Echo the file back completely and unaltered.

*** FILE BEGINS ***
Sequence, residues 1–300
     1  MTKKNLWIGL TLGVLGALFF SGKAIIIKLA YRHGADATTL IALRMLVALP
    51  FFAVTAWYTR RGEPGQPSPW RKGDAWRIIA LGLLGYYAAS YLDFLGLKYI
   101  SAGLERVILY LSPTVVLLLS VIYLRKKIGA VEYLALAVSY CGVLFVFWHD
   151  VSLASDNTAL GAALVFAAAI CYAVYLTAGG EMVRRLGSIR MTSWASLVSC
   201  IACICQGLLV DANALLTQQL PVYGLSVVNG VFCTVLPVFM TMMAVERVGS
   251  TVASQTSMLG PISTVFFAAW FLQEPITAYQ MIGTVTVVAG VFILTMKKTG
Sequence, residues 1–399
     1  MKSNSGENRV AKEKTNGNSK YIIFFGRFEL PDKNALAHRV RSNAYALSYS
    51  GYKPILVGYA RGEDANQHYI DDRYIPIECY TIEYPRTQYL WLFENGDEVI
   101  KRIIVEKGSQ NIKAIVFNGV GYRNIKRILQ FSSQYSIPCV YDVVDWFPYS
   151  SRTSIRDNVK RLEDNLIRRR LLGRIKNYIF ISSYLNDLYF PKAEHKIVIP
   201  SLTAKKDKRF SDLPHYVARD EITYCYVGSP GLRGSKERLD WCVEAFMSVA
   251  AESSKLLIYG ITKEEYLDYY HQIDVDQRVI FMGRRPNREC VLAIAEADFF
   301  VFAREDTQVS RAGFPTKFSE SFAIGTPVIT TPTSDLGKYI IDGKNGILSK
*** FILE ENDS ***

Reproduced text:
Sequence, residues 1–300
     1  MTKKNLWIGL TLGVLGALFF SGKAIIIKLA YRHGADATTL IALRMLVALP
    51  FFAVTAWYTR RGEPGQPSPW RKGDAWRIIA LGLLGYYAAS YLDFLGLKYI
   101  SAGLERVILY LSPTVVLLLS VIYLRKKIGA VEYLALAVSY CGVLFVFWHD
   151  VSLASDNTAL GAALVFAAAI CYAVYLTAGG EMVRRLGSIR MTSWASLVSC
   201  IACICQGLLV DANALLTQQL PVYGLSVVNG VFCTVLPVFM TMMAVERVGS
   251  TVASQTSMLG PISTVFFAAW FLQEPITAYQ MIGTVTVVAG VFILTMKKTG
Sequence, residues 1–399
     1  MKSNSGENRV AKEKTNGNSK YIIFFGRFEL PDKNALAHRV RSNAYALSYS
    51  GYKPILVGYA RGEDANQHYI DDRYIPIECY TIEYPRTQYL WLFENGDEVI
   101  KRIIVEKGSQ NIKAIVFNGV GYRNIKRILQ FSSQYSIPCV YDVVDWFPYS
   151  SRTSIRDNVK RLEDNLIRRR LLGRIKNYIF ISSYLNDLYF PKAEHKIVIP
   201  SLTAKKDKRF SDLPHYVARD EITYCYVGSP GLRGSKERLD WCVEAFMSVA
   251  AESSKLLIYG ITKEEYLDYY HQIDVDQRVI FMGRRPNREC VLAIAEADFF
   301  VFAREDTQVS RAGFPTKFSE SFAIGTPVIT TPTSDLGKYI IDGKNGILSK